Light and Shadow

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My favorite times of day are twilight and nighttime. During twilight, the sky’s colors are overwhelmingly beautiful. We often take photos of twilight, and I always find it funny. When we look back at those photos, they all seem to be very similar if not the same. When we took the photo, though, we were in awe. It seems that twilight is able to amaze us every day it comes, as if it’s new and fresh, and few photographs (especially those taken by a phone) are able to completely capture its grandeur.


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The night in a city is wonderful. I love the lights and the shadows, the dark windows of a bar or café. In the downtown area of a city, the night is when adventure happens. Color is replaced by contrast; light competes with dark and we see the world in ways we haven’t seen before. In a way, man controls the light at night when he can’t control it during the day, and uses it how he sees fit. During the day, the sun decides where light goes, but at night light goes wherever we put our bulbs, and we can use this for dramatic effect. This is especially true during Christmas time, when we put out holiday lights. I look forward to walking through Temple Square, for example.

In Washington, D.C., all my friends said that the monuments on the Washington Mall were best seen at night. I saw the monuments both in daylight and at night, and I came to agree with them. During the day, the sun controls most of what is and isn’t lit, what we see and don’t see. At night, light can be incorporated into the design of the area. We would walk between islands of light, figures cast in shadow. During the daylight, there are visual distractions, while at night, all that can be seen is what is lit. This made for a different experience.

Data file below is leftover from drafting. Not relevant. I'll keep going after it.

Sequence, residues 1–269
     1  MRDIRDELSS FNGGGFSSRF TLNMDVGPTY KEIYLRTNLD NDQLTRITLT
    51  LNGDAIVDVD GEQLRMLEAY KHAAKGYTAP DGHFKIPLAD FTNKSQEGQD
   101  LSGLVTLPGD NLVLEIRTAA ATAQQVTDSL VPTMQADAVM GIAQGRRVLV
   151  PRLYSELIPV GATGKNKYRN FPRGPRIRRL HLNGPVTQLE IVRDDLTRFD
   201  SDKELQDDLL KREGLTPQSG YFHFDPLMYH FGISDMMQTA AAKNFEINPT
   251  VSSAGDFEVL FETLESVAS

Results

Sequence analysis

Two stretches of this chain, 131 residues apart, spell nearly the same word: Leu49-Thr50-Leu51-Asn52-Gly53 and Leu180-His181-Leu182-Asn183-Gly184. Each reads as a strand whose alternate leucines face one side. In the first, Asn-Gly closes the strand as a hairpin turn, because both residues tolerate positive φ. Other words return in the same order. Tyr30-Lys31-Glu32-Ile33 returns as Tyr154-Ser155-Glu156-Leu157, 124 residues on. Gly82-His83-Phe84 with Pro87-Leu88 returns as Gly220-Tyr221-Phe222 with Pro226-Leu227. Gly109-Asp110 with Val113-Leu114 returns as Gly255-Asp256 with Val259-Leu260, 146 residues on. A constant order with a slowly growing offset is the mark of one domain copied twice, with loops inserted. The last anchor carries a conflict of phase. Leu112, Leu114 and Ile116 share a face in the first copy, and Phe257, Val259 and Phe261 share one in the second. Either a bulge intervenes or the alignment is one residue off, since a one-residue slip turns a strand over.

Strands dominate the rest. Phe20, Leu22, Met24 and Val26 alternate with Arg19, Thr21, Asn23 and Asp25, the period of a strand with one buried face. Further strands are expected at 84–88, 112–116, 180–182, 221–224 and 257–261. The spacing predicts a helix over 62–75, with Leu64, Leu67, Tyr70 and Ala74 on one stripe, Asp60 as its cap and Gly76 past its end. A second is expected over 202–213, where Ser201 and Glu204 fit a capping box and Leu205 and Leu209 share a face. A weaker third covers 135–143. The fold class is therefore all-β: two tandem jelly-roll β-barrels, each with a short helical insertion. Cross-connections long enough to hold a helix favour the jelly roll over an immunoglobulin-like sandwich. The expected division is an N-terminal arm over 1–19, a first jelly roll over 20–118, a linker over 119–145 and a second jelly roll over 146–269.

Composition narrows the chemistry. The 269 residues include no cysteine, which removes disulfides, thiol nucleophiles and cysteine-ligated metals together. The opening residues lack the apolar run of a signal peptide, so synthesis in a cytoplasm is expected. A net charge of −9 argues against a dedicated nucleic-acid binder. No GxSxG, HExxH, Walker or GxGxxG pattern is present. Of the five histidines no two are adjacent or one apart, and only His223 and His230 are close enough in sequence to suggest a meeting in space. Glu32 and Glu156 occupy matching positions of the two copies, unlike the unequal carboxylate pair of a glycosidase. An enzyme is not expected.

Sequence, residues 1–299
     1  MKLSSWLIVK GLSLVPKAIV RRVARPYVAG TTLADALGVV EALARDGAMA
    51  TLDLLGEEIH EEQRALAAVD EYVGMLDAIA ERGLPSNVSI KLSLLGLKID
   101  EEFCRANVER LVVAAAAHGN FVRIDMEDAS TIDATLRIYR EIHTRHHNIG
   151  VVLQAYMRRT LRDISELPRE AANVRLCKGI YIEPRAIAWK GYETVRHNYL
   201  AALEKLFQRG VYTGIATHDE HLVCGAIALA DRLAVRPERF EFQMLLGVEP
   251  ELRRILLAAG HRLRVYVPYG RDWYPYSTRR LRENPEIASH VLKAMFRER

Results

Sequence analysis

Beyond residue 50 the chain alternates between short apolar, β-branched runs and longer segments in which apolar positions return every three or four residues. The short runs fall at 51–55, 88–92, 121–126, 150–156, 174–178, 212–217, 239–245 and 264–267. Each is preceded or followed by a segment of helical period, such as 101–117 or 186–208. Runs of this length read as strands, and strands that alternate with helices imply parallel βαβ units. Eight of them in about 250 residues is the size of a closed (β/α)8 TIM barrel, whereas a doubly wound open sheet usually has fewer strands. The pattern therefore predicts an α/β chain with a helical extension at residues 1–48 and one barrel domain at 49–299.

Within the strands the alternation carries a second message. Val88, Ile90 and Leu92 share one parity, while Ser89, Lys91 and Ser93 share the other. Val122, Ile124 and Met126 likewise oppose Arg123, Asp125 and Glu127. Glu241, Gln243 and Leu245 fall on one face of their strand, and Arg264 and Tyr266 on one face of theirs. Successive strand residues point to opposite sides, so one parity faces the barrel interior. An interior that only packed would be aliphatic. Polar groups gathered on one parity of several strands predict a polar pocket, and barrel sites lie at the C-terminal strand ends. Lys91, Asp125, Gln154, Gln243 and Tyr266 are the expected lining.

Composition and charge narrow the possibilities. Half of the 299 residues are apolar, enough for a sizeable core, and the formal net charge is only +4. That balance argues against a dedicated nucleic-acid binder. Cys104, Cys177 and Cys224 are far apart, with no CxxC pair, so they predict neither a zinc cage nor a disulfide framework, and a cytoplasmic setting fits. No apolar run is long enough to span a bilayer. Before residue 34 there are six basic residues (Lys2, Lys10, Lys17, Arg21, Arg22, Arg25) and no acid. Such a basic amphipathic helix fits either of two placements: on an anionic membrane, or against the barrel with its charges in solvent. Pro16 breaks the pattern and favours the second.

It was the perfect clash of light and dark, and I loved it.

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In the suburbs, though, night and shadow are more intimidating. I remember walking along the side of a road that runs behind my neighborhood. To my left was a wall, and to my right was an open field. There were no lights along the entire route. As I walked, I began to think, “If someone wanted to, they could jump over that wall, mug me or kill me, drag my body into the field, and no one would be the wiser.” Even when I’m within the limits of my neighborhood, I am not a fan of walking at night. There is a creepy street lamp that seems to turn on and off at random intervals. Sometimes I will approach it and it will turn on. Other times, it will be on until I get near it. It’s as if the lamp detects my presence and turns on or off just to mess with me. It’s not right, man. It’s just not right. But on a more serious note, there’s a lot of dark places, and I can see why women might be more frightened to walk at night.

Then there’s the country. It’s very dark out there, but I have good memories. My grandparents own a farm on the outskirts of Blackfoot, Idaho. It’s dark enough to lie out in the grass on a summer night and look at the stars. There are so many that I am amazed. And I remember fondly walks along the road near my grandparents’ house when a lightning storm rumbled in the distance. The dark sky would be repeatedly pierced by amazing lightning formations. Every time a burst struck through the sky, we would be amazed. It was the perfect clash of light and dark, and I loved it.

I suppose I like the dark because of shadow, the contrast produced by the battle between light and dark. It’s difficult to describe why I like it, because one really has to see it to understand. I suppose it’s the same reason why black and white and film noire appeal to people; there is something innately beautiful to it.


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